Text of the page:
Device-as-a-service shares the DaaS acronym with desktop-as-a-service, the two differ in what is being offered as a service. In device-as-a-service, physical hardware is being offered to customers under a subscription model. The devices aren’t purchased outright by companies like in the past, but are paid for on a consumption model. On the other hand, desktop-as-a-service is a cloud computing offering in which a third party will offer a virtual desktop running inside a virtual machine (VM). The desktop-as-a-service provider will host the backend of a virtual desktop infrastructure (VDI) deployment. Top desktop-as-a-service providers include Amazon and Windows virtual desktops hosted on Microsoft Azure IaaS.
In 2015, no major PC manufacturers offered a DaaS option to acquire hardware, according to a recent report from Accenture. But by 2019, that changed dramatically, with 65% of major PC makers offering DaaS options to their customers.
DaaS services begin with a contract with a DaaS vendor that states the hardware, software, services, amounts and lengths of time required. Payment is normally on a per-device basis. Some OEMs will have a DaaS offering and will offer a somewhat limited number of choices from their overall device lineup. Users cannot replace hardware they are using from a DaaS vendor at any time they wish. Typically, a contract will state two to three year timelines for replacing devices.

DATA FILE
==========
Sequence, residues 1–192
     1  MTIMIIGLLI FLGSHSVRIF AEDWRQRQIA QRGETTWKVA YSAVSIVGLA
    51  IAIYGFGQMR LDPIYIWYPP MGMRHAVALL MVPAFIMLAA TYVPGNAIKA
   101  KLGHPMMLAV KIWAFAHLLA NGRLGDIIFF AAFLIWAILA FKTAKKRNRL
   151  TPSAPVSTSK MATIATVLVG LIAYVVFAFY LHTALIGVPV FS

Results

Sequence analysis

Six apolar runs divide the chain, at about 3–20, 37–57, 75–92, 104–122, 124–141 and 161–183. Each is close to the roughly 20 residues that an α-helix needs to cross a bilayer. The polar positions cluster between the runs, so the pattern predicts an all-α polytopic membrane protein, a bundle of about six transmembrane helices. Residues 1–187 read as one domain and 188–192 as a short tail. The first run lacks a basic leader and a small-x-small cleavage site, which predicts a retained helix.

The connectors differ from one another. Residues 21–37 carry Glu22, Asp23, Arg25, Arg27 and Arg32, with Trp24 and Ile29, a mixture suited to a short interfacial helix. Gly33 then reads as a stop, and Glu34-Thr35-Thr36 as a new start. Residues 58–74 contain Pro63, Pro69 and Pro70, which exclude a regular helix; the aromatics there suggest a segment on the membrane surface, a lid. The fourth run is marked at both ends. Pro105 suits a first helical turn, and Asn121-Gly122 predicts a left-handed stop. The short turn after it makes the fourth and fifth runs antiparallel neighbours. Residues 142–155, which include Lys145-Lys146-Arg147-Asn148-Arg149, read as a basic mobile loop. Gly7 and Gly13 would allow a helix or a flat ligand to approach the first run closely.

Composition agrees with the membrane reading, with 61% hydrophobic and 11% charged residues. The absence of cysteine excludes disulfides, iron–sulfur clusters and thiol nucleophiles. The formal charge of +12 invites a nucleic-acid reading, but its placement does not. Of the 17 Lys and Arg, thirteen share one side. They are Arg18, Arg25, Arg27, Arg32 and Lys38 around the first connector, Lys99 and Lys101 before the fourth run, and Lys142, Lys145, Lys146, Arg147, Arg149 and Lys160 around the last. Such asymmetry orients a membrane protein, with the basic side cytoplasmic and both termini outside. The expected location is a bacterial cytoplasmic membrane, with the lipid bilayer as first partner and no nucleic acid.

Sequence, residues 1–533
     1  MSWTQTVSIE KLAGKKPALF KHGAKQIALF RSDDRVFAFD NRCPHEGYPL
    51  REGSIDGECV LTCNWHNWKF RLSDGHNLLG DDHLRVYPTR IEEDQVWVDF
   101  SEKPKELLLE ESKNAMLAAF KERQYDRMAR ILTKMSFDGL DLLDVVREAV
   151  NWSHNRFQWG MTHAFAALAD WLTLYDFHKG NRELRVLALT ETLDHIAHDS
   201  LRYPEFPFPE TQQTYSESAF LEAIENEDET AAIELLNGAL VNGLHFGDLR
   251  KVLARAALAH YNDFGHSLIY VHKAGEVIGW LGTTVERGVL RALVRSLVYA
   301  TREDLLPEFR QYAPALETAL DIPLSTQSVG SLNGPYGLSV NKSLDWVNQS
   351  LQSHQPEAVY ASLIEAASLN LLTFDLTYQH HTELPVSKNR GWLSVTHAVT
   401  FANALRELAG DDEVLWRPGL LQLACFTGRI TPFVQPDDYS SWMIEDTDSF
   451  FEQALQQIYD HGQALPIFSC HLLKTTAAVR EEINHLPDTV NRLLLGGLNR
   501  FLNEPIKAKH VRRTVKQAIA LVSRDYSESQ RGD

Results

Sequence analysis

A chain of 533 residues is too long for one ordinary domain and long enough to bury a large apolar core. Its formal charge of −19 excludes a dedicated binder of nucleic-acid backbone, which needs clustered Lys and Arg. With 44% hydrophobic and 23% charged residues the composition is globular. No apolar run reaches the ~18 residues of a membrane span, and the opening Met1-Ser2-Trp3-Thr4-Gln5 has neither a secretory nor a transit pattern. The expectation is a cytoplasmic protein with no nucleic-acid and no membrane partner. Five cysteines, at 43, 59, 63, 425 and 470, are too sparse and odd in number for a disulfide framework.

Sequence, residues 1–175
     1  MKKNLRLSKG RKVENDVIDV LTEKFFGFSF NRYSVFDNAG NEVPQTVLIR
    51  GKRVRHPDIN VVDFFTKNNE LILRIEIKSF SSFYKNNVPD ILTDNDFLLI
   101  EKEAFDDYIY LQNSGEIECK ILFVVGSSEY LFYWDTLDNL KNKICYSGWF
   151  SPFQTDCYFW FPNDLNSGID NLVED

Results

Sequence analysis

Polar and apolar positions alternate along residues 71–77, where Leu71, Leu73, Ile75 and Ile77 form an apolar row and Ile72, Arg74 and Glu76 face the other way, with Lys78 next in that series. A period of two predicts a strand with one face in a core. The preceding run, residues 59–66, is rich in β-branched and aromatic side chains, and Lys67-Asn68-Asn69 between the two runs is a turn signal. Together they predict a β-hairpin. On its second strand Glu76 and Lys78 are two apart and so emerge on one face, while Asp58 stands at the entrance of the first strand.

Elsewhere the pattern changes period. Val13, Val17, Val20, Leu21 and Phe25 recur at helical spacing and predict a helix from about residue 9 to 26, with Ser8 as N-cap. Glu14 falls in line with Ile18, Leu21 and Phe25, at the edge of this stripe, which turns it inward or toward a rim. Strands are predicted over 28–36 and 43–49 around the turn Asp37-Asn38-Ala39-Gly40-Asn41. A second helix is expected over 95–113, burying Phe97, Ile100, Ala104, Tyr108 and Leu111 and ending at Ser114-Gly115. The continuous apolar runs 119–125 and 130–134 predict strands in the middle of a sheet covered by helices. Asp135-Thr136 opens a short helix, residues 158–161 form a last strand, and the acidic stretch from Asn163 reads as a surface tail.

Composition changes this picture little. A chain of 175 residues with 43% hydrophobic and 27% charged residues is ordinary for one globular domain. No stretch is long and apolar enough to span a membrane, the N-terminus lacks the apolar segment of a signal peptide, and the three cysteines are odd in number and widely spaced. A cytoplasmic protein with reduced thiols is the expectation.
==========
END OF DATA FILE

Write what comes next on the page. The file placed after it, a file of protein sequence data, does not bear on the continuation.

Some of the more tedious, time-consuming IT management jobs should also be handled by your DaaS provider, such as hardware and software inventory management and compliance reports. For example, HP’s Proactive Management with TechPulse provides insight reports with analytics on planning, cost optimisation and service management capabilities for all devices using the service. These are divided into four different categories – hardware, security, software and incidents.
DaaS can host a variety of benefits, to IT organizations. These benefits include the ability to scale devices up and down as needed. For companies, it essentially streamlined the process of quickly enabling a large number of at-home workers that companies didn’t have in the past.